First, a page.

Editor’s Note: Bill has often written how more technology doesn’t always lead to a better life. But Bill Bonner Letter coauthor Dan Denning says there’s more to the story. Big tech is not only failing to improve your life… it may be ruining it.

We have overdosed on tech, not only from a financial point of view, but culturally, too.

The Nasdaq has made 67 closing highs in 2017. The tech sector in America has a combined market capitalization of $5.4 trillion. According to Bank of America, that’s bigger than the MSCI Emerging Markets Index ($5.2 trillion) or the entire MSCI Eurozone Index ($4.8 trillion).

The Nasdaq is up 27% year-to-date and is well on target to finish the year at about 7,000.

Our faith in technology and in tech investments has never been stronger (or more dangerous). But that could be our weakness. What do I mean?

The way we think about technology and how we use it will change. Once more people find out what I’ll show you here – that big tech companies have become evil in their exploitation of human psychology – there will be a backlash against them.

They will be blamed (fairly, I think) for contributing to the rudeness, vulgarity, violence, and lack of civility in our culture.

A Vulnerability in Human Psychology

Let me keep the neuroscience to a minimum here and make a simple claim: companies like Facebook, Twitter, Apple, and Google are drug dealers.

They have figured out how to design technology/apps/software that tap into the same “reward circuit” in your brain that food, drugs, and sex are related to.

They do this to capture as much of your time and attention as possible so they can sell the data they’ve accumulated on you to advertisers.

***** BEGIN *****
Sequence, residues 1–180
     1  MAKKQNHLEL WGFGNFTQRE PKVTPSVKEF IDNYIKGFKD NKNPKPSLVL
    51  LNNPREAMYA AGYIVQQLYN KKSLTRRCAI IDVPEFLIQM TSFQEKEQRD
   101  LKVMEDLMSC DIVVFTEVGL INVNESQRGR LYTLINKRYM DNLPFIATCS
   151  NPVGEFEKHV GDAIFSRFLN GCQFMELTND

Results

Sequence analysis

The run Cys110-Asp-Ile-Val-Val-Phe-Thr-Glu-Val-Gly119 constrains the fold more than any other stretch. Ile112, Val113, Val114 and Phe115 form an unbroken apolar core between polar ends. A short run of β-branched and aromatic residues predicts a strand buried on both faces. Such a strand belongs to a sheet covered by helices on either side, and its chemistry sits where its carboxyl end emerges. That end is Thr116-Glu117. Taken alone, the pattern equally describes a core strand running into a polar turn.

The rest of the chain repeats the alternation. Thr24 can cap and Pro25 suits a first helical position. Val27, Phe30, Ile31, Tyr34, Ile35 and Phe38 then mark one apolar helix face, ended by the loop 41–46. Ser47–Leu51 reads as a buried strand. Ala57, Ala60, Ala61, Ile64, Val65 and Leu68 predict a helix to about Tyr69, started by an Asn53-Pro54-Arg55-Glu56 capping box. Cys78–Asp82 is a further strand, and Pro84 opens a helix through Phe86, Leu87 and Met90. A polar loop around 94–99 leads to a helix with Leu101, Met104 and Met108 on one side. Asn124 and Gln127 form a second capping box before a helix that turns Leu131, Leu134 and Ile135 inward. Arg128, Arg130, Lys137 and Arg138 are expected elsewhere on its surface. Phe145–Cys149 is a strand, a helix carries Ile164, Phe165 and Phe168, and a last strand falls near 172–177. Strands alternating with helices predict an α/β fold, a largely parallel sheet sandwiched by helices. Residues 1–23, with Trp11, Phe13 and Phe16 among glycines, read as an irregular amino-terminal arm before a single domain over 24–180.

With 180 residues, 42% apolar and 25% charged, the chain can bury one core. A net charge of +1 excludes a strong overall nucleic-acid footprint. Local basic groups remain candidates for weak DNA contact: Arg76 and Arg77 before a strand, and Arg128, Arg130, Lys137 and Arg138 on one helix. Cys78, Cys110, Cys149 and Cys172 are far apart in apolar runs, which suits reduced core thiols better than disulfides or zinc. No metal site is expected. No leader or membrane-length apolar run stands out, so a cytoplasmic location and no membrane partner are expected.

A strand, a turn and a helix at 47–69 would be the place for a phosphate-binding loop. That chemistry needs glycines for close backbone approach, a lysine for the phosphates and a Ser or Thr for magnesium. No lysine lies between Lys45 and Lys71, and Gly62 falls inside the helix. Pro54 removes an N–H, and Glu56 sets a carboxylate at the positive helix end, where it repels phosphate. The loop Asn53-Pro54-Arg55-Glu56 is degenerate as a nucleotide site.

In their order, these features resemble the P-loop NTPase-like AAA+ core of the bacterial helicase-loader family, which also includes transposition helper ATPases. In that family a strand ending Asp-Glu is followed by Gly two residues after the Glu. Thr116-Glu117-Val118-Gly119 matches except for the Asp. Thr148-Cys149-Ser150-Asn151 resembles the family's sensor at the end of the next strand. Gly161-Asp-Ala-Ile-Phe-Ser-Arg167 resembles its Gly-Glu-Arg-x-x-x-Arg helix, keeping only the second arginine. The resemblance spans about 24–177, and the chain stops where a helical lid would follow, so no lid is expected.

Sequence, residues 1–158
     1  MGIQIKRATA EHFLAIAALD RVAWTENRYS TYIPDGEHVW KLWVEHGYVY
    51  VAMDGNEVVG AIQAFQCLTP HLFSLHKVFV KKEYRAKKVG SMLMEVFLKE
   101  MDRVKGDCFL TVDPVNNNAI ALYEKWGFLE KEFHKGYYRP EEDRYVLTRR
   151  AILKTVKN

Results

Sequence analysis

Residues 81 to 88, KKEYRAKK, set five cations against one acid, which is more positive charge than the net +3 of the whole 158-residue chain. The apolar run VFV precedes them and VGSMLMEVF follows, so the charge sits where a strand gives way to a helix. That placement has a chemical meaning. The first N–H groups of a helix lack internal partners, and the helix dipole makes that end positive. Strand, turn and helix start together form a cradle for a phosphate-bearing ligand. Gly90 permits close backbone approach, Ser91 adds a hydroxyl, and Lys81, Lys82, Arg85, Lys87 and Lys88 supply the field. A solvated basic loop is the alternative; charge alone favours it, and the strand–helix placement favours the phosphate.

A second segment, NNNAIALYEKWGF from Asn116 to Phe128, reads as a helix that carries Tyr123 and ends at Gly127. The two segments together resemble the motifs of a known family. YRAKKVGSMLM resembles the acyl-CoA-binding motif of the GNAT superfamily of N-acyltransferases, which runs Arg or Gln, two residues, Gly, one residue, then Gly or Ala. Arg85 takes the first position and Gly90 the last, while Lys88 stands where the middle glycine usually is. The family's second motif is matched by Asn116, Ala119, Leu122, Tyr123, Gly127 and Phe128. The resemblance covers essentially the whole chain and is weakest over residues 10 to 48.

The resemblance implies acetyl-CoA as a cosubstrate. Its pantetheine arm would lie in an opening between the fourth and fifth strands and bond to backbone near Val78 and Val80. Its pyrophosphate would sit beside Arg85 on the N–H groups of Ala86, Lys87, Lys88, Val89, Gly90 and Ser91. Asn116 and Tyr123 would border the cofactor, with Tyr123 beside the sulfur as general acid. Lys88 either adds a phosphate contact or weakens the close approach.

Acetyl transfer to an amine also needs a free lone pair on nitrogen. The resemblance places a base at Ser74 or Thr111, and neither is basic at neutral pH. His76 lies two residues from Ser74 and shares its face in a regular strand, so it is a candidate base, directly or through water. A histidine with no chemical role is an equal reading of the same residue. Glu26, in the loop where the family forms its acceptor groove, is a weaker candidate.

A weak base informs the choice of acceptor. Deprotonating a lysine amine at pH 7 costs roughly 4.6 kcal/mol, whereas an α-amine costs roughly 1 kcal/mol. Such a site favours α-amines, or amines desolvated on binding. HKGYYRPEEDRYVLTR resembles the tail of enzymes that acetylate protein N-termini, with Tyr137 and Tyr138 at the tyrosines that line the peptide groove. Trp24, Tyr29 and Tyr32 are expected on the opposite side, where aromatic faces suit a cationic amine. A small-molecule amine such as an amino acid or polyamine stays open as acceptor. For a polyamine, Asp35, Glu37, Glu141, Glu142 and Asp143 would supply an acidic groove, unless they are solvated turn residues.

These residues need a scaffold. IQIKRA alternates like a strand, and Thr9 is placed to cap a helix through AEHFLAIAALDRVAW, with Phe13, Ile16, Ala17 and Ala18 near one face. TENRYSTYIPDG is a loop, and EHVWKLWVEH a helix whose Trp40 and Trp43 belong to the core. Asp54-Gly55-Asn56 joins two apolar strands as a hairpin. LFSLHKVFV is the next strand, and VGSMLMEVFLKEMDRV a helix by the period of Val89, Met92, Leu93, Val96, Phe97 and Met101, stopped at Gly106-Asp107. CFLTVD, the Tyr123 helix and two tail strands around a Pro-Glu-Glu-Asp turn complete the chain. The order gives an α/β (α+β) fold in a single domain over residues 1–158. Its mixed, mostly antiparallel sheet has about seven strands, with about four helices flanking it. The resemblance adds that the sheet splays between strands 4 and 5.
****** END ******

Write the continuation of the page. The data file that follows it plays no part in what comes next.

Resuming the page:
“God only knows what it’s doing to our children’s brains.” That’s what Facebook’s founding president, Sean Parker, said about the company.

Parker recently gave an interview in which he said the social media platform was deliberately designed to be addictive and to exploit a “vulnerability in human psychology.”

The aim, he says, was to design a technology that would “consume as much of your time and conscious attention as possible.” That attention would produce hours of behavior that told the company more about you: what you like, what you eat, where you travel, what you read (or if you read), and much more. That data could then be sold to advertisers, which is how Facebook makes its money.

Parker describes the pleasure you get from being “liked” on social media as “a little hit of dopamine.” He means that literally. The programmers and designers behind social media technologies are trying to stimulate the brain’s “reward circuit.”

An Unseen Addiction Crisis

The Centers for Disease Control and Prevention (CDC) reports that 64,000 Americans died from drug overdoses last year. Incidentally, the CDC says overdose deaths were just 4,000 in 1999.

Do you think there’s any correlation between a 1,500% increase in drug overdose deaths and, say, the complete financialization of the American economy under Alan Greenspan, Ben Bernanke, and Janet Yellen? Could the loss of manufacturing jobs, the housing bubble and 2008 crash, and the new tech-driven loneliness/meanness in our culture have anything to do with skyrocketing drug deaths?

Yes! Of course there’s a correlation. A degradation in monetary value is always matched by similar trends in society.